Michelle Pillers - Electron-beam lithography and molecular liftoff for directed attachment of DNA nanostructures on silicon: Top-down meets bottom-up

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      Publication Details (including relevant citation   information):

      Acc. Chem. Res., 2014, 47 (6), pp 1759–1767   DOI: 10.1021/ar500001e


      Our work on lithographic patterning of DNA nanostructures was   inspired by a collaboration on molecular electronic devices known   as quantum-dot cellular automata or QCA. QCA is a paradigm for   computation in which information is transmitted and processed   through the interaction of coupled electrical charges or magnetic   dipoles. We began to explore the idea of molecular scale QCA and   found that ab initio methods, a thermodynamic Ising   model, and larger scale circuit design work suggested that   circuits that did computationally interesting things could   function at room temperature if made from molecular QCA cells of   chemically reasonable design.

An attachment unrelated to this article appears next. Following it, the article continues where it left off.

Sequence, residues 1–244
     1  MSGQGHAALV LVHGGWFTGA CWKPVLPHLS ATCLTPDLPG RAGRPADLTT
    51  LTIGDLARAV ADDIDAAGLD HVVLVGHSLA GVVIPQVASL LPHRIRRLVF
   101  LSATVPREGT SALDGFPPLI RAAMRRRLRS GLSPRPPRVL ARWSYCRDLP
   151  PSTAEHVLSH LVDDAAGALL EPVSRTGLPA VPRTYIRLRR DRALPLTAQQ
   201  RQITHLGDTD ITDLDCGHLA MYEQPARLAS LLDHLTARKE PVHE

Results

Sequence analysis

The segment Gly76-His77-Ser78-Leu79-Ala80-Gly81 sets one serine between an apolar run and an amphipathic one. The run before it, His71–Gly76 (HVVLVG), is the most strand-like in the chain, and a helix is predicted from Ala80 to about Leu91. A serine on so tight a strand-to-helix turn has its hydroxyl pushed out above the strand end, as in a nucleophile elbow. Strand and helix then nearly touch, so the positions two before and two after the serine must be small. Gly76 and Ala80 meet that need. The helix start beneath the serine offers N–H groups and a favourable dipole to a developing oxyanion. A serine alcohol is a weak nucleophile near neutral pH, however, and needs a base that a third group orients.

But how could the QCA cells be patterned to form the complex   arrays needed for computationally interesting circuitry, and how   could those arrays of molecular circuitry be integrated with   conventional electronic inputs and outputs? Top-down methods   lacked the spatial resolution and high level of parallelism   needed to make molecular circuits. Bottom-up chemical synthesis   lacked the ability to fabricate arbitrary and heterogeneous   structures tens to hundreds of nanometers in size. Chemical   self-assembly at the time could produce structures in the right   size scale, but was limited to homogeneous arrays. A potential   solution to this conundrum was just being demonstrated in the   late 1990s and early 2000s: DNA nanostructures self-assembled   from oligonucleotides, whose high information density could   handle the creation of arbitrary structures and chemical   inhomogeneity. Our group became interested in whether DNA   nanostructures could function as self-assembling circuit boards   for electrical or magnetic QCA systems. This Account focuses on   what we learned about the interactions of DNA nanostructures with   silicon substrates and, particularly, on how electron-beam   lithography could be used to direct the binding of DNA   nanostructures on a variety of functional substrates.

      Address (URL): http://pubs.acs.org/doi/abs/10.1021/ar500001e